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From HT archives: The flag-bearer of Indian socialism who left a mark

Oct 15, 2022 05:55 AM IST

Ram Manohar Lohia, the forebearer of backward caste and agrarian assertion that changed politics in the heartland forever, died in the early hours of October 12, 1967 in Delhi’s Willingdon Nursing Home. He was 57.

Ram Manohar Lohia, the forebearer of backward caste and agrarian assertion that changed politics in the heartland forever, died in the early hours of October 12, 1967 in Delhi’s Willingdon Nursing Home. He was 57.

12 October 1967 - Ram Manohar Lohia Body in State, Leaders Paying Homage to the Leader (HT Photo)
12 October 1967 - Ram Manohar Lohia Body in State, Leaders Paying Homage to the Leader (HT Photo)

As reported by Hindustan Times at the time, Lohia was struggling with poor health and had been operated upon for an enlarged prostate gland two days before. As news of his death spread, the President, Prime Minister and other top leaders rushed to his home as the country sank into grief, a testament to his wide-ranging political legacy.

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Lohia was, at once, many things — a follower of Mahatma Gandhi, a socialist, a multilingual leader strongly attached to only Hindi, a hardline nationalist and Sino sceptic and the tallest critic of Nehruvian India. This extraordinary political life began, as most things in Indian politics did in the 20th century, in Uttar Pradesh. Born in a bania family in the dusty hamlet of Akbarpur in 1910, Lohia studied first in Varanasi and then in Calcutta before going abroad and earning a doctoral degree from Berlin with his PhD thesis on salt taxation in India in 1933 (an early evidence of the impact of Gandhi’s Salt Satyagraha on young men across the country). These four years he spent in Berlin were a tumultuous time for the country with economic problems, strikes and political uncertainty. By the time he set sail, Nazis were on the ascendance.

Within a year of his return to India, he, along with other firebrands, founded the Congress Socialist Party — the socialist wing of the broad-tent Indian National Congress. He was quickly noticed by Jawaharlal Nehru who picked him up to be on one of the party’s top panels. By the time the 1940s rolled around, Lohia had started formulating his own vision of samajwad, or socialism — ideas he would give cogent shape in a Panchmarhi meeting in 1952 as “sapt kranti” (seven revolutions) that spoke of equality of gender, political and economic opportunities, eradication of caste, skin colour bias, and foreign domination, and interestingly, the inequality perpetrated by private capital and the interference in private life.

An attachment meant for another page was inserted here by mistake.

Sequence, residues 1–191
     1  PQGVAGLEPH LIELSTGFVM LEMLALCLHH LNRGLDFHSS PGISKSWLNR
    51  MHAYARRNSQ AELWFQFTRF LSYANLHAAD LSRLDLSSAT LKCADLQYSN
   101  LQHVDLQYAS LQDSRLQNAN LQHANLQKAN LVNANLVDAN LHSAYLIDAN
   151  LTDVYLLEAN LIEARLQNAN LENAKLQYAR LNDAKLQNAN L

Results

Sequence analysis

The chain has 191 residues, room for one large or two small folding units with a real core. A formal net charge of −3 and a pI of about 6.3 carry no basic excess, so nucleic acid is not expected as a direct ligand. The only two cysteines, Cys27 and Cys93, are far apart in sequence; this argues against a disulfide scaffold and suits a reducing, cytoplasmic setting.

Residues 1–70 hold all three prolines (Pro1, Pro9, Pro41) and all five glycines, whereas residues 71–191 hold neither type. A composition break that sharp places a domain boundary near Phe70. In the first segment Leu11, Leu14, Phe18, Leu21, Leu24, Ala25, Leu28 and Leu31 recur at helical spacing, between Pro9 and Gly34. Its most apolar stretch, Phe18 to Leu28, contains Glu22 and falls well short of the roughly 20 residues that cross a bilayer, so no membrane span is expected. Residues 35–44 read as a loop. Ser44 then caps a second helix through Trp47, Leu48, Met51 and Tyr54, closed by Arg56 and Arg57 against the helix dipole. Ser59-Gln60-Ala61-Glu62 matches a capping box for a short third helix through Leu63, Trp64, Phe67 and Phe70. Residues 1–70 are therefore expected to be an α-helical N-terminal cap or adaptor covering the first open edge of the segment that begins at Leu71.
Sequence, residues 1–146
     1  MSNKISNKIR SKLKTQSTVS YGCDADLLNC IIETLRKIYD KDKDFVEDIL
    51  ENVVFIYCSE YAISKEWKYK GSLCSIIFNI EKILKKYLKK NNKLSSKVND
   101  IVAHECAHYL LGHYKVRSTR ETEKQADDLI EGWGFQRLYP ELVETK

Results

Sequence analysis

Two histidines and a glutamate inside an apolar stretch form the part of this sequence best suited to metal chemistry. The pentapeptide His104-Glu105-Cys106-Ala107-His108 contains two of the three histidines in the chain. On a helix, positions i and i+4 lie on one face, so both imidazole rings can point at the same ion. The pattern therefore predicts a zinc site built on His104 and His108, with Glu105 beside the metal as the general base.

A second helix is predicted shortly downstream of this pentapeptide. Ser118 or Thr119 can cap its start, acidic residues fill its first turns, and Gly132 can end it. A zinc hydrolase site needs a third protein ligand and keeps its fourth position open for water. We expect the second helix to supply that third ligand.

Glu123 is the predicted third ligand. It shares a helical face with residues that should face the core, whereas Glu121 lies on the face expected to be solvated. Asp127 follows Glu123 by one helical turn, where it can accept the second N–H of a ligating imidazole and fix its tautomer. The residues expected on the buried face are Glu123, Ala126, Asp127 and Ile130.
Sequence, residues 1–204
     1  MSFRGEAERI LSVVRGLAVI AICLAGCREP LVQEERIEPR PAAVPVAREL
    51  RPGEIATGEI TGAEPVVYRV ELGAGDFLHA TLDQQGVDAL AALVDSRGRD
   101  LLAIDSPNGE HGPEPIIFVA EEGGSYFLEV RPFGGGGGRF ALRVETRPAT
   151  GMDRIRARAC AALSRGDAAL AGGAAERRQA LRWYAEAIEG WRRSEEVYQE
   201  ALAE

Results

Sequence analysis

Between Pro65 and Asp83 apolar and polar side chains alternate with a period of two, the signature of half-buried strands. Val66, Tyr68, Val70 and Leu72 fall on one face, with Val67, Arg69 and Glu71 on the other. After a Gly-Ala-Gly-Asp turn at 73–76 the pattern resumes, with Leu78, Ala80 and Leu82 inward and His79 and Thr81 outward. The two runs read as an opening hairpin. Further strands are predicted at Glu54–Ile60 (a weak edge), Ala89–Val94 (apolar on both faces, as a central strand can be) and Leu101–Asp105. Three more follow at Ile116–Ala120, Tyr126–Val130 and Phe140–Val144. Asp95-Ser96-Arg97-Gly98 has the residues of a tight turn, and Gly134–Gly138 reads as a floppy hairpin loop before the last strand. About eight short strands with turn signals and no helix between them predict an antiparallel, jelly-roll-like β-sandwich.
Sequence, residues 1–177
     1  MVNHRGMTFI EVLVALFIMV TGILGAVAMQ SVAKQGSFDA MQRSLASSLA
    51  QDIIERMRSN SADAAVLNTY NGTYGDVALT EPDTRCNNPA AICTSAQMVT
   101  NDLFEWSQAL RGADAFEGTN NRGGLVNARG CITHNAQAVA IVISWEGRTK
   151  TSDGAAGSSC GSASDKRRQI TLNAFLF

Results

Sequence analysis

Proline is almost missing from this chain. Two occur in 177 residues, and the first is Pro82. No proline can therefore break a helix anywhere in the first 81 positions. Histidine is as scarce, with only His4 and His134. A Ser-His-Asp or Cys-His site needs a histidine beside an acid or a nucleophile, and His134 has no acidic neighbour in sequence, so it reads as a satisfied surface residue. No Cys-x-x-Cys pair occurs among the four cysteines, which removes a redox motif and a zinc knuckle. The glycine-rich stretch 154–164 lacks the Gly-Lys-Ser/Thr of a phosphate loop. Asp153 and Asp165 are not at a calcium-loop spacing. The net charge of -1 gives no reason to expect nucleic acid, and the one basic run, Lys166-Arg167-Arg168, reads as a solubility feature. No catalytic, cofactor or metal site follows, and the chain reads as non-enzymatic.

Though a staunch Gandhian, his disillusionment with the Congress party after Independence was quick, reaching its zenith in his failed 1962 campaign against Nehru from the latter’s pocket borough of Phulpur. The next year, he entered the Lok Sabha after winning a bypoll, and in 1967, played a key role in bringing together disparate parties — including the Bharatiya Jana Sangh — on a common platform to form the first non-Congress government in Uttar Pradesh, unthinkable at the time.

But his political legacy far overshadows his electoral triumphs.

Lohia was among the first leaders who gave an exposition of Indian socialism, rooted in the realities of the subcontinent and gave a space to the aspirations of the middle and lower castes in a newly independent country. In his creation of a doctrine of national and foreign policy that centred the grassroots, Lohia was moving away from the traditional leftist politics in India that scarcely acknowledged caste. In contrast, Lohia wanted to bring Dalits, backward groups, minorities and women under a common umbrella and stitch together a political coalition that would take on the agda (forward groups).

Though he was unable to resolve the problem of personality clashes and fragile egos — the confusing maze of socialist parties frequently merging and breaking away from each other contributed to the eventual demise of socialist-style politics — he inspired a young brigade of politicians such as Mulayam Singh Yadav, Ram Vilas Paswan and Lalu Prasad who not only fused the agrarian political legacy of Chaudhary Charan Singh with backward caste churn in the 1980s and 1990s, but also tasted mainstream electoral success in an unprecedented manner.

Of course, in this success was also hidden the seeds of the eventual downfall of socialist politics, and in some ways, the Lohiaite dream. But his rootedness, efforts to create a new class of political constituents, remain pragmatic in his choice of friends and allies, and breathe new life into India’s political philosophy created a new electoral grammar for the Gangetic Plains, one that continues to animate politics today.

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  • ABOUT THE AUTHOR
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    Dhrubo works as an edit resource and writes at the intersection of caste, gender, sexuality and politics. Formerly trained in Physics, abandoned a study of the stars for the glitter of journalism. Fish out of digital water.

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